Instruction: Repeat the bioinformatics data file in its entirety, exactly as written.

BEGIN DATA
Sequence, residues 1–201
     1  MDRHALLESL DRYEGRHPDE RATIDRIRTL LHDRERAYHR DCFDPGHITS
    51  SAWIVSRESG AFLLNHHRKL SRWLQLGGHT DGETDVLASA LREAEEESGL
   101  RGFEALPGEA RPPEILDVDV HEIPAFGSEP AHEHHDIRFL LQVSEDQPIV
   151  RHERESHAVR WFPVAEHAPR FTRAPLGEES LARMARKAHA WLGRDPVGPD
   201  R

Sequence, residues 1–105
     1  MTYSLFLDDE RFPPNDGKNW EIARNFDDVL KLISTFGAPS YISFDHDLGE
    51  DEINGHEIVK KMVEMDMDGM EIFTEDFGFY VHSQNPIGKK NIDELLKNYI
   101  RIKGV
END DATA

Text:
Sequence, residues 1–201
     1  MDRHALLESL DRYEGRHPDE RATIDRIRTL LHDRERAYHR DCFDPGHITS
    51  SAWIVSRESG AFLLNHHRKL SRWLQLGGHT DGETDVLASA LREAEEESGL
   101  RGFEALPGEA RPPEILDVDV HEIPAFGSEP AHEHHDIRFL LQVSEDQPIV
   151  RHERESHAVR WFPVAEHAPR FTRAPLGEES LARMARKAHA WLGRDPVGPD
   201  R

Sequence, residues 1–105
     1  MTYSLFLDDE RFPPNDGKNW EIARNFDDVL KLISTFGAPS YISFDHDLGE
    51  DEINGHEIVK KMVEMDMDGM EIFTEDFGFY VHSQNPIGKK NIDELLKNYI
   101  RIKGV